The paper "Analysis of Apple Company" is a wonderful example of an assignment on management. Apple Company is one of the largest brains behind telecommunication technologies. It is growing at a high rate with attractive innovations. One of its major assembly factories is in Shanghai China. This is probably due to the cheap available labor in China. Apple’ s products include iPhones, tablets, and laptops. However, the production means of Apple products can raise concerns following an investigative video. This video presents the insensitivity of Apples’ management on contentious issues along the supply chain.
These issues can best be explained by two theories; the stakeholder and the shareholder theory. DiscussionQuestion 1Apple Company cannot justify the fact that they mistreat their workers. They publicly pretend to abide by the stakeholder theory. The company has made much promise to the public. One of its assurances is support for the environment and human well being. This company sticks to the shareholder theory behind closed doors. This pretense stretches down the supply chain. Heather White as a supply chain expert in the video explains the state of operation in Shanghai.
She claims that the Apple Company is breaking promises and breaking the law. For instance, the company promises that a worker must not exceed seventy sixty hours a week. However, in the company, workers are made to work for seventy hours a week. Extra time for work is not paid for. The payslips are manipulated to reflect the legal requirements. The working environment is claimed to be technically, mentally, and physically unfriendly. The stakeholder and shareholder’ s theory are contradictory in nature (hill et al, 2015). The shareholder theory claims that firms in business have no moral obligation.
In such a case the prime goal of such a firm is to maximize profit. An example is the Apple Company. On the other hand, the stakeholder theory is the opposite. A business firm owes society a responsibility. They are obliged voluntarily to a variety of social responsibilities. This includes donations such as those for charity. The influence of this theory varies across nations (Hill et al, 2015). Mansel (2013) claims that; dwelling so much on profit has its own negative effect.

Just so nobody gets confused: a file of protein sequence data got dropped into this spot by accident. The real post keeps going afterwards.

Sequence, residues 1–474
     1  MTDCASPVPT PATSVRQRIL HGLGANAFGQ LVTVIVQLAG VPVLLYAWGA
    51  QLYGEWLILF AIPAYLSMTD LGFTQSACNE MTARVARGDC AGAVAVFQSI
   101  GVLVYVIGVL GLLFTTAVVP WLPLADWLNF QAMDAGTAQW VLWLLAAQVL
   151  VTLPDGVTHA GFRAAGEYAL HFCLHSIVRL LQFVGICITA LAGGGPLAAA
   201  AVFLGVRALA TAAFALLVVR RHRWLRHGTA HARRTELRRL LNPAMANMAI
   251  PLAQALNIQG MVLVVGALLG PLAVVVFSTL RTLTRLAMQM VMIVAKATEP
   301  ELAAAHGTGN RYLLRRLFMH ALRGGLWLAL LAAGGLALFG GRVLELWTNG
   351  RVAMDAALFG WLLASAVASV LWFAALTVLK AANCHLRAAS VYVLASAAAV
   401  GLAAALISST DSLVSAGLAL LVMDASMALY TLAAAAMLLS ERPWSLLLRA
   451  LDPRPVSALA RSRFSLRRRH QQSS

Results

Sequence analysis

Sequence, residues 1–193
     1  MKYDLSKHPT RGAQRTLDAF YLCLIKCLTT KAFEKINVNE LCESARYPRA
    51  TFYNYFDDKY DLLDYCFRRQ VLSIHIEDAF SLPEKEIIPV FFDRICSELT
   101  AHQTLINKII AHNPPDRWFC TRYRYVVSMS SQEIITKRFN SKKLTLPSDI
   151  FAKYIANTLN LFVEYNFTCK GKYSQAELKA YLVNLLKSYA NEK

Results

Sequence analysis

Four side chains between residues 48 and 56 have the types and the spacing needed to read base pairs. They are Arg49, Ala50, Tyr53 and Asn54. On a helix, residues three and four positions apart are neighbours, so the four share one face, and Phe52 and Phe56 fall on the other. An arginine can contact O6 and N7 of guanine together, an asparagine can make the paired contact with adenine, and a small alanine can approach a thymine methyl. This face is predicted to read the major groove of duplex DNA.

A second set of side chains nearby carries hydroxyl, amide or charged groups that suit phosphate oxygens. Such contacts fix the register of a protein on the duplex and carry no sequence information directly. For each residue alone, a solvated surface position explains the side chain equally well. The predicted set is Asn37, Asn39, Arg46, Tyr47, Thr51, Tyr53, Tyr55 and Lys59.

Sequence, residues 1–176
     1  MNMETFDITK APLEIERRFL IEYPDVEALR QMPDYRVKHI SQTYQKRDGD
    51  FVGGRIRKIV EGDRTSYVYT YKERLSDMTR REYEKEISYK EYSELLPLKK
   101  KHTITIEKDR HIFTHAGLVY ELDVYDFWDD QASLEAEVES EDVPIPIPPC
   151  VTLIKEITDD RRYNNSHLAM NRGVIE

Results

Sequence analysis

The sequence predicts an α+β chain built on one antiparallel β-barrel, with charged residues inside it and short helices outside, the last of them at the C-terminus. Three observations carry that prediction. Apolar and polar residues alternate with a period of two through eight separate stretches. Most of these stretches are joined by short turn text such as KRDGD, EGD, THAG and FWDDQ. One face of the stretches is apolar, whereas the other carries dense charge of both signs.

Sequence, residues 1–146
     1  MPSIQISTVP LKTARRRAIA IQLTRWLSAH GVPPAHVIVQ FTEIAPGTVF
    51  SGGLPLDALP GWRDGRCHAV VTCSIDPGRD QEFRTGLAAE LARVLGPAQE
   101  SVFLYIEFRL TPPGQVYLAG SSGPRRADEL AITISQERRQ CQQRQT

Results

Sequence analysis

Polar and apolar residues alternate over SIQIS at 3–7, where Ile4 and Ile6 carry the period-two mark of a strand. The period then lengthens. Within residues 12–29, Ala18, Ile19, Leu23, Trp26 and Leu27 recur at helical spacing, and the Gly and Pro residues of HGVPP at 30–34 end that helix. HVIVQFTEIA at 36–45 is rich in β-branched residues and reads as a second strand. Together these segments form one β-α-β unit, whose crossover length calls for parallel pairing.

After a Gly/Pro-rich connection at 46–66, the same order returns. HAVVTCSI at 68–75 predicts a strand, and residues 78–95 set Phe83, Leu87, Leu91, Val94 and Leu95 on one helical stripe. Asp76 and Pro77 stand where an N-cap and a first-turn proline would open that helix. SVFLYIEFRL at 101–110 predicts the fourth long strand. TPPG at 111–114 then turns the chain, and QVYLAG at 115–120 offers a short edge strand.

The enormous profit tends to aid the company to cover selfish motives. If a company tends to gain monopoly ethical considerations at the market level are exchanged with shareholders' interests.
Freeman, E. (2010). Strategic Management: A Stakeholder Approach. New York City. Cambridge University Press.
Freeman E, Jeffrey S. H, Andrew C. W, Bidhan L. P & Simone C. (2010) Stakeholder Theory: State of the Art. New York City. Cambridge University Press.
Goodpaster K.E. (1991). Business Ethics and Stakeholder Analysis. Business Ethics Quarterly Journal vol 1, pp 53-73. Retrieved 12-09-2015 < http://www.jstor.org/stable/3857592 >
Holley D.M (1986). A Moral Evaluation of Sales Practices. Business and Professional Ethics Journal. Vol 5, pp 3-21. Retrieved 12-09-2015
Jennifer G. H & Randall S. T (2015). Research Handbook on Shareholder Power: Research Handbooks in Corporate Law and Governance series. Cheltenham, UK. Edward Elgar Publishing. Pp 11- 57
Lynne A Stout (2012). The Shareholder Value Myth: How Putting Shareholders First Harms Investors, Corporations, and the Public. San-Frasisco, Carlifornia. Berrett-Koehler Publishers
Morden J.M & Ebejer M.J. (1988). Patternalism in Market Place:Should a Salesman be His Buyers’ keeper. Journal of Business Ethics; May 1988; 7, 5; ProQuest pg. 337
Philip R. (2003). Stakeholder Theory and Organizational Ethics. San-Frasisco, Carlifornia. Berrett-Koehler Publishers Samuel F Mansel (2013). Capitalism, Corporations and the Social Contract: A Critique of Stakeholder Theory: business, value creation and society. New York City. Cambridge University press